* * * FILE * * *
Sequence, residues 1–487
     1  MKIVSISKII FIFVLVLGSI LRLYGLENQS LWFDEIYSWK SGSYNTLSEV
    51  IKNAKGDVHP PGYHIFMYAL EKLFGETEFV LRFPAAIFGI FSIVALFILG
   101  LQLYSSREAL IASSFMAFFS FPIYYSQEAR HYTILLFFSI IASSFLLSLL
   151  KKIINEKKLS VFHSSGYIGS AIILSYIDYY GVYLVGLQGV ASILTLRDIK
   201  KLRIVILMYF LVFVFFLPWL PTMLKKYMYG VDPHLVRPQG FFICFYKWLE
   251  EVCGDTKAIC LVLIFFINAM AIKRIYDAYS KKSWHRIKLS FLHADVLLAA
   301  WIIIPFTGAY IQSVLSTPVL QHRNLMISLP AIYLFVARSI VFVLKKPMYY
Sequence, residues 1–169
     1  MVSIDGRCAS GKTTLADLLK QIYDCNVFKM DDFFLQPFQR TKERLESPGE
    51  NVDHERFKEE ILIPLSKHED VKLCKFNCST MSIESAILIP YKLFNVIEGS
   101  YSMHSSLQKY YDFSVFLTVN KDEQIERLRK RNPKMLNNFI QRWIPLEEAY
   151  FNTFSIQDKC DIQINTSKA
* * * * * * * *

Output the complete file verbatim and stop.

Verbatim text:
Sequence, residues 1–487
     1  MKIVSISKII FIFVLVLGSI LRLYGLENQS LWFDEIYSWK SGSYNTLSEV
    51  IKNAKGDVHP PGYHIFMYAL EKLFGETEFV LRFPAAIFGI FSIVALFILG
   101  LQLYSSREAL IASSFMAFFS FPIYYSQEAR HYTILLFFSI IASSFLLSLL
   151  KKIINEKKLS VFHSSGYIGS AIILSYIDYY GVYLVGLQGV ASILTLRDIK
   201  KLRIVILMYF LVFVFFLPWL PTMLKKYMYG VDPHLVRPQG FFICFYKWLE
   251  EVCGDTKAIC LVLIFFINAM AIKRIYDAYS KKSWHRIKLS FLHADVLLAA
   301  WIIIPFTGAY IQSVLSTPVL QHRNLMISLP AIYLFVARSI VFVLKKPMYY
Sequence, residues 1–169
     1  MVSIDGRCAS GKTTLADLLK QIYDCNVFKM DDFFLQPFQR TKERLESPGE
    51  NVDHERFKEE ILIPLSKHED VKLCKFNCST MSIESAILIP YKLFNVIEGS
   101  YSMHSSLQKY YDFSVFLTVN KDEQIERLRK RNPKMLNNFI QRWIPLEEAY
   151  FNTFSIQDKC DIQINTSKA